JACKSON — “Stories shape the way we look at and perceive the world and help us to gain a shared perspective. That is especially true in Mississippi.”

So wrote Mississippi-born author W. Ralph Eubanks, a distinguished visiting professor at the University of Mississippi Center for the Study Southern Culture. His essay was one of a series running in Mississippi Today.

He says he tells his students in Southern Studies, “Memory is not a passive repository of facts, but an active process of creating meaning about the past.

“Here in Mississippi, the interplay between the past and the present is always with us should we choose to engage with the varieties of ways in which we envision our history. This state has two magnificent museums to help us do just that, so we’re lucky. Still, active engagement with the past is what can help Mississippi move forward.”

Indeed, “Telling Our Stories: Museum of Mississippi History and Mississippi Civil Rights Museum,” published in 2017, highlights Mississippi stories captured in the two museums. Pursued and promoted by both liberal and conservative leaders in Mississippi, the two museums exemplify Eubanks’ message.

Recently, retired Mississippi Arts Commission director Malcolm White amplified that message: “We have a difficult history and story to tell. But on the positive side, we talk about it. We mention the Civil War and civil rights movement in the same sentence. Mississippi has changed more than any state in the nation. We have come a long way."

Reared in Mt. Olive and a graduate of Ole Miss, Eubanks has delved deeply into and written extensively about Mississippi’s past. He adds this line to my opening quotation. “Yet here and throughout the South we also use narratives to obscure the truth.”

How true, especially in this day and age of social media and demonic politics.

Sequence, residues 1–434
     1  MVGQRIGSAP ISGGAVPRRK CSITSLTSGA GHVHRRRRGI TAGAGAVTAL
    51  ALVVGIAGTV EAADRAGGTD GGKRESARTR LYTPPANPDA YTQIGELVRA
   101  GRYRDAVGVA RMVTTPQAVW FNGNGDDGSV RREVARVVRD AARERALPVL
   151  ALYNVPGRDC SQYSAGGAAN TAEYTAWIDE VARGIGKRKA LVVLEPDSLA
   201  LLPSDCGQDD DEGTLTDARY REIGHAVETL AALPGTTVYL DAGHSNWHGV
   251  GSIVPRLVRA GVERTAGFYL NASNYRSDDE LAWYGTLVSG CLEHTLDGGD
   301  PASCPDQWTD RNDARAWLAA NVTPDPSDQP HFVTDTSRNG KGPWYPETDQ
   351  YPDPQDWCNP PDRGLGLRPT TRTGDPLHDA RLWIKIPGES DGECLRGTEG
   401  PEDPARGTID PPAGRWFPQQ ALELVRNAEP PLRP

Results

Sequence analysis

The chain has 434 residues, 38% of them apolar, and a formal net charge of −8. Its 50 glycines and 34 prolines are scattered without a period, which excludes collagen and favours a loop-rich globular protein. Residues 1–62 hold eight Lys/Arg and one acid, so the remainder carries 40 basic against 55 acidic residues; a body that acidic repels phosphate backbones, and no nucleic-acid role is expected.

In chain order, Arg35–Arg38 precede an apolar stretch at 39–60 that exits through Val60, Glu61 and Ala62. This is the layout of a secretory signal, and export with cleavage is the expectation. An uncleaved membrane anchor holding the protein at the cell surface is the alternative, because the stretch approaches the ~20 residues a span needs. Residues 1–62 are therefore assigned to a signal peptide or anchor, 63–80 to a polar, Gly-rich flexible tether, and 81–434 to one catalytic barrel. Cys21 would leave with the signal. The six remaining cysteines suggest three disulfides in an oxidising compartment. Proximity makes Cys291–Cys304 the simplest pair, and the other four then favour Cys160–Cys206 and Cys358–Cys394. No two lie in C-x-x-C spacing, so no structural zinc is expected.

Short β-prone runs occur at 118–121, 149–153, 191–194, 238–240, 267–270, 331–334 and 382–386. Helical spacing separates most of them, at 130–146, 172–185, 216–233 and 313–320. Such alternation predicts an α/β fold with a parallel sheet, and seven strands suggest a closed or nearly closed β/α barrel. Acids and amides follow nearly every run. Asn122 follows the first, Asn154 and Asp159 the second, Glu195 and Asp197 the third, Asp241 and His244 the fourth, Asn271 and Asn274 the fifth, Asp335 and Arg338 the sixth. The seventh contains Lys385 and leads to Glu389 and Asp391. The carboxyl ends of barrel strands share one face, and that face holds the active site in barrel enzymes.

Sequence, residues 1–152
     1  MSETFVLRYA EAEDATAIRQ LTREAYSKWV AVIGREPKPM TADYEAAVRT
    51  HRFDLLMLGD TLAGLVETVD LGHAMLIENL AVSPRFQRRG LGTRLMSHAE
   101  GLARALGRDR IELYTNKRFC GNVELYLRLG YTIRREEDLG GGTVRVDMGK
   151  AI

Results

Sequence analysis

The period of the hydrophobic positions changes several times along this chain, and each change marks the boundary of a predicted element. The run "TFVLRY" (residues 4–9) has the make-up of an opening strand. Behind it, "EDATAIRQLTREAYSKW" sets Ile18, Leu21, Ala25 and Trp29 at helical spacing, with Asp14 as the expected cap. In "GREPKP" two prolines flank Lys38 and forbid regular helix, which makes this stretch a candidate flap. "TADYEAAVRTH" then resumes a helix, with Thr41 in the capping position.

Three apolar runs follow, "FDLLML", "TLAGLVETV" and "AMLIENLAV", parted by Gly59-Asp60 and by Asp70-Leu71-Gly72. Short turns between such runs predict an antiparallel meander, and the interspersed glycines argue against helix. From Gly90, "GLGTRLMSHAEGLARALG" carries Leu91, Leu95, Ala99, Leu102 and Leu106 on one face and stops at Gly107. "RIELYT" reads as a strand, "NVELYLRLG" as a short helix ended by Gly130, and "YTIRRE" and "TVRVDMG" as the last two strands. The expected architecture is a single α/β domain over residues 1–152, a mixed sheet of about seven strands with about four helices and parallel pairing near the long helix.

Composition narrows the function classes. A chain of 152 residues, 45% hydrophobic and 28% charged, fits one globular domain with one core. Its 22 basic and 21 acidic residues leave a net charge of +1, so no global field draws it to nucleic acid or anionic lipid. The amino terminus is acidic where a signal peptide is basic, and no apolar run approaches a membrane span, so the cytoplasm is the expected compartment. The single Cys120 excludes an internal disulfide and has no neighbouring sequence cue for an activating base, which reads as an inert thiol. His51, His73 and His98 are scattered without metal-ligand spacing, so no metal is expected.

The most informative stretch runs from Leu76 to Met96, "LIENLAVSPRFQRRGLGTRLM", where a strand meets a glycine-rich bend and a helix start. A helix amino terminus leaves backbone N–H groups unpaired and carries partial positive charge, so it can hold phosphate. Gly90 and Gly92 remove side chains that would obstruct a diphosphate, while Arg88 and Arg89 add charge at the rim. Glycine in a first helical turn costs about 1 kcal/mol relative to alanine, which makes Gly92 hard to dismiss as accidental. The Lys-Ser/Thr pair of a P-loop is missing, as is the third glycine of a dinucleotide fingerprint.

Eubanks’ message resonated when Gov. Tate Reeves tweeted, “I will do everything in my power to make sure universal mail-in voting and no-excuse early voting are not allowed in Mississippi — not in Mississippi.”

This followed President Donald Trump raging against “corrupt” mail-in voting. Interestingly, Trump was all for “legal” mail-in voting in Arizona, which benefitted him, just against “corrupt” mail-in voting in Pennsylvania and Georgia, which did not.

Then came Republican Sen. Lindsey Graham, chairman of the Senate Judiciary Committee, who said, “If we don't do something about voting by mail, we are going to lose the ability to elect a Republican in this country."

No doubt mail-in ballots would not be a big story but for the impact on Trump’s re-election. The poorly obscured consternation here is that black voters are casting mail-in votes in higher than ever, difference-making numbers.

“I would never have thought we’d be where we’re at now, with blacks still fighting for the vote,” longtime civil rights activist Rev. Charles Johnson of Meridian told The Associated Press.

“The right to vote is the crown jewel of American liberties, and we will not see it diminished,” said President Ronald Reagan in 1982 as he extended the Voting Rights Act.

How sad to see Reagan’s narrative as the memory, the museum piece, rather than lingering fears over black voting.

The truth will set you free. — John 8:32

Bill Crawford, of Jackson, is a Republican former state legislator.

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